The regression analysis focused on predictive models of birth weight as the groups did not differ significantly in gestational age at delivery. Gestational age at delivery and whether labor was spontaneous were entered as control variables to better approximate models of birth weight as an indicator of fetal growth. Whether the participant was recruited from the prenatal clinic in the medical center (vs. a private physician's office) was also entered in the models to protect against possible confounding. On the basis of significant correlations with birth weight, medical risk and parents' education were identified as additional control variables, and perceived racism was tested as a stress predictor. PSS and STAI were marginally associated with birth weight, so these were included in the regression models as well. The intercorrelations of the major stress variables, birth outcomes, and the control variables are presented in Table 2.

Table 2
Intercorrelations of Birth Outcomes, Major Stress Variables, and Control Variables

Predictors of Birth Weight

In Step 1, the control variables predicted 47% of the variance in birth weight (p < .001) with gestational age at delivery emerging as the only significant independent predictor (β = 0.65, p < .001). PSS and STAI did not predict a significant amount of additional variance when entered together in Step 2 (ΔR2 = .005, p > .10). Because these stress composites were just marginally associated with birth weight, we examined their correlations with outcome by time point. Only their Time 3 scores were significantly related to birth weight (see Table 2), but when they were tested in Step 2, the Time 3 scores did not add to the predicted variance either (ΔR2 = .006, p > .10). The amount of variance being predicted was significantly increased when the perceived racism lifetime score was added in Step 3 to the model already containing the control variables and the general stress composites (ΔR2 = .023, β = −0.17, p < .05). Each unit increase in lifetime perceived racism was associated with a 39.59-g decrease in birth weight. To determine which components of the perceived racism lifetime score were driving this association, we tested the four subscores together in Step 3. The correlations between the subscores ranged from .33 to .60, ps < .001. Correlations with birth weight are noted as part of Table 2. Childhood-direct racism (β = 0.17, p < .10) was a marginal predictor, with each unit increase being associated with a 137.10-g increase in birth weight, and childhood-vicarious racism (β = −0.25, p < .01) was a significant predictor, with each unit increase being associated with a 167.85-g decrease in birth weight.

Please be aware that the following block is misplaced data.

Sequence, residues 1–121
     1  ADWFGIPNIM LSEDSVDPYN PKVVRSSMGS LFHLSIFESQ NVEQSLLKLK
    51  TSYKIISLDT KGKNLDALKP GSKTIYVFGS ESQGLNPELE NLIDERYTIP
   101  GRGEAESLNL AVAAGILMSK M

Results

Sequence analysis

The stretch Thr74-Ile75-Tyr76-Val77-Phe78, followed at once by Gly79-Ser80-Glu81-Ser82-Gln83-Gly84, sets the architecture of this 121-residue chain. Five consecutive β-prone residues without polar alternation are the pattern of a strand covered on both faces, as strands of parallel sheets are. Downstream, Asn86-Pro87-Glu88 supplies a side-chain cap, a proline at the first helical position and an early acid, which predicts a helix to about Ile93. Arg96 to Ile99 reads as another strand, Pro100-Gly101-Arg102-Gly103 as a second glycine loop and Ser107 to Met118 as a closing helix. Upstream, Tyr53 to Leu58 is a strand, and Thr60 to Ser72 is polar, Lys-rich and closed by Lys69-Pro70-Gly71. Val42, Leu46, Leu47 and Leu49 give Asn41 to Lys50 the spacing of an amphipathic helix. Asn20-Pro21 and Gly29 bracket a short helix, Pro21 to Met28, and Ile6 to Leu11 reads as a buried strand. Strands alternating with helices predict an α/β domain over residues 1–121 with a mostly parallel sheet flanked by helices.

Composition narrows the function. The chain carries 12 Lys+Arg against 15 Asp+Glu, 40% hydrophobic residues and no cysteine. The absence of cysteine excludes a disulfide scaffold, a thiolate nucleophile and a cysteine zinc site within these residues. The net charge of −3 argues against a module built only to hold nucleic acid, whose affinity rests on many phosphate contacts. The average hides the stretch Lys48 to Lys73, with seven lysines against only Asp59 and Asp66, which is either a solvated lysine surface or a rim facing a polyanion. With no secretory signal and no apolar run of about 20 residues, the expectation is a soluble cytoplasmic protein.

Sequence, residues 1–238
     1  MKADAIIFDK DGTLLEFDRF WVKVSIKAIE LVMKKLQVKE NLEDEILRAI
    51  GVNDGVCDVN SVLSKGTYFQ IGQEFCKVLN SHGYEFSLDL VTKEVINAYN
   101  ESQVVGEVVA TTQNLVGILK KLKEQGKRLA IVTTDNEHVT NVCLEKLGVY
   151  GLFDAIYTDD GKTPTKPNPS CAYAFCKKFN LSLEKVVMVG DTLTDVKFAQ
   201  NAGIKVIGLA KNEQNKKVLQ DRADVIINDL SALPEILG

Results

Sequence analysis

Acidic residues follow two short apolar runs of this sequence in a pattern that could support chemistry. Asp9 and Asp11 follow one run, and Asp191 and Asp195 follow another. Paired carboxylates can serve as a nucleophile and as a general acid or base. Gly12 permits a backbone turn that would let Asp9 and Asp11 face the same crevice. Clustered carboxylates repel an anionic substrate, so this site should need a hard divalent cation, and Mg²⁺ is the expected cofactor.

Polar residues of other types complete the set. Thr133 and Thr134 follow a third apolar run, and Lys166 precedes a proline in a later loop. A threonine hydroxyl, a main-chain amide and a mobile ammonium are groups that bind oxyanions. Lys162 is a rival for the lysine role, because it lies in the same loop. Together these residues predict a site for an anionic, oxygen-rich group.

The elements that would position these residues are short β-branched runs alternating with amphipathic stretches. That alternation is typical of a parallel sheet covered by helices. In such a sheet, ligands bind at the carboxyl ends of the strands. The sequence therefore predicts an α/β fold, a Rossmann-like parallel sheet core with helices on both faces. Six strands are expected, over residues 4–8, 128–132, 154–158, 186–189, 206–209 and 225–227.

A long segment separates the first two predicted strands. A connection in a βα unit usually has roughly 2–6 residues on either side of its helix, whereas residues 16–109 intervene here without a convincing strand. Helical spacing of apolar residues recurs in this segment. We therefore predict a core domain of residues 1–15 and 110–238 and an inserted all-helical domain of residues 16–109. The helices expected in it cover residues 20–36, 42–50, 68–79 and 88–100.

Interaction Models